IBM From the Beginning
In its earliest days, it built scales, time-recording devices, and tabulating machines as the Computing-Tabulating-Recording Company, or "CTR" as it was known. Global ambitions led Tom Watson Sr., who led the company from 1914 until 1956, to change the name to International Business Machines in 1924 (the year this picture was taken outside the company's office in Washington, D.C.).
Under Watson and later his son, Tom Watson Jr. (top exec from 1956 to 1971), IBM took on massive projects ranging from implementing the Social Security Act of 1935, to developing Cold-War-era aircraft tracking systems and atomic research labs, to building guidance systems for the early space program. IBM has plenty of inventions to its credit along the way, from electric tabulators and typewriters, to dynamic random-access memory (DRAM) and hard disk drives, to the barcodes and magnetic-stripe cards now ubiquitous in retail transactions.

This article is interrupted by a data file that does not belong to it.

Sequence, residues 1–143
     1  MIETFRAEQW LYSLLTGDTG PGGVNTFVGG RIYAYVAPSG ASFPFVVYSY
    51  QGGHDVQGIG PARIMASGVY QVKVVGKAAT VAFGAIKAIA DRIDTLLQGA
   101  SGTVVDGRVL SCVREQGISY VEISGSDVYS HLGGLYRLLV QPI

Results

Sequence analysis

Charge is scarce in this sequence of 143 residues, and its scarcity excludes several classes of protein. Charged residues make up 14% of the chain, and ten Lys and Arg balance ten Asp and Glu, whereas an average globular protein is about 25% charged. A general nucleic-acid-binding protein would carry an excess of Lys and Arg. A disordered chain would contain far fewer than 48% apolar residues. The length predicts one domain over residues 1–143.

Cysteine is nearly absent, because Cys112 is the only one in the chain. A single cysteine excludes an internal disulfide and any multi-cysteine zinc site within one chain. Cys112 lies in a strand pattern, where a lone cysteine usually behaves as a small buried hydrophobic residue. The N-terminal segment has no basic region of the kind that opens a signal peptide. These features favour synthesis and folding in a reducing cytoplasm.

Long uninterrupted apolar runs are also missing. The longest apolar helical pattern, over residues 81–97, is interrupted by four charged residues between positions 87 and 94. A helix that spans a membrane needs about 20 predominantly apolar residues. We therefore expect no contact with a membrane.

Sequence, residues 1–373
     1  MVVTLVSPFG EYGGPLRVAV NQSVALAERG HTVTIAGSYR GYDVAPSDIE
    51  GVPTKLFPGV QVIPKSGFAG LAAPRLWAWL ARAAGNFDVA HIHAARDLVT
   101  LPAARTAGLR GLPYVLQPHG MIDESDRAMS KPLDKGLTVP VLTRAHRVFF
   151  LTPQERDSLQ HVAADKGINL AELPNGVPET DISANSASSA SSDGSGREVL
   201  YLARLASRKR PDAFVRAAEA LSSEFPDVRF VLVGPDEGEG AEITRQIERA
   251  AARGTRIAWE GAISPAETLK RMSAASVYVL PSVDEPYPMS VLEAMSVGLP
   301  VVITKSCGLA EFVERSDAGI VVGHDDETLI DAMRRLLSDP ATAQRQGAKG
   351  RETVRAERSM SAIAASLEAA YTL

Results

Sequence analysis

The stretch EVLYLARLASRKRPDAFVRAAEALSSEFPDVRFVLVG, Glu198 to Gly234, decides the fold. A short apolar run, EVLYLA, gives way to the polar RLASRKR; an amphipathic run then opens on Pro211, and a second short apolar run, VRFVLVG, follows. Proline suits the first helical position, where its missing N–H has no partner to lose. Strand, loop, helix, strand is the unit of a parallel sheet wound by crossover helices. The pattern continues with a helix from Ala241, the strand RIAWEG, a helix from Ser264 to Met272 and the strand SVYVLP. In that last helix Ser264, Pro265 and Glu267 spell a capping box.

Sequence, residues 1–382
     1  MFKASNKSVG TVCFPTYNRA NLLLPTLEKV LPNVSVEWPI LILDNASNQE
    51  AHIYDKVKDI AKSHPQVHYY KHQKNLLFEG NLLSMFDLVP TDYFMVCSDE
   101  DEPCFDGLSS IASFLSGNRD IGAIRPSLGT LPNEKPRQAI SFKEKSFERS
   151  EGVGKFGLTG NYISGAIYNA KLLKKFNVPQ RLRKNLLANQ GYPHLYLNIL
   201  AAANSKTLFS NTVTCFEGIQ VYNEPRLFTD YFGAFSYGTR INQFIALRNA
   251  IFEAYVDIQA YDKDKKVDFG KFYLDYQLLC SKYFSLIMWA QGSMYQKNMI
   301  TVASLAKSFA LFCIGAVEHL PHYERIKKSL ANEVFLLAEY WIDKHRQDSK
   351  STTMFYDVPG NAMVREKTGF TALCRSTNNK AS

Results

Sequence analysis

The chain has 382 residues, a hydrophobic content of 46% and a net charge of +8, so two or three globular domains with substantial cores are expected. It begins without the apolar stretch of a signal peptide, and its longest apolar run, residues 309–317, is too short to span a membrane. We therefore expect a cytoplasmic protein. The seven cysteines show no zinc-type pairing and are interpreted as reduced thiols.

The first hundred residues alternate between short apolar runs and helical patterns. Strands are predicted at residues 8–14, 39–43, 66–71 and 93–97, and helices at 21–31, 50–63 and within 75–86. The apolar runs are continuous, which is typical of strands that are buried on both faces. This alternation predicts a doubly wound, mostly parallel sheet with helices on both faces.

IBM has also played a significant role in software, contributing to the FORTRAN, COBOL, and SQL programming languages, among others, and introducing the relational database and speech recognition software. Real IT veterans will hark back to the System/360, while younger generations will remember the IBM PCs and AS/400s of the 1980s. IBM dominated computing from the 1960s into the early 1980s, but that success led to anti-trust scrutiny. That distraction plus sprawl led to the near collapse of the company in the early 1990s, but turnaround figure Lou Gerstner resisted calls to break up the company. A resurgence has been led by a move into software and services in recent years, and through it all, IBM has retained a culture that values internal leadership development, investment in R&D, and big thinking.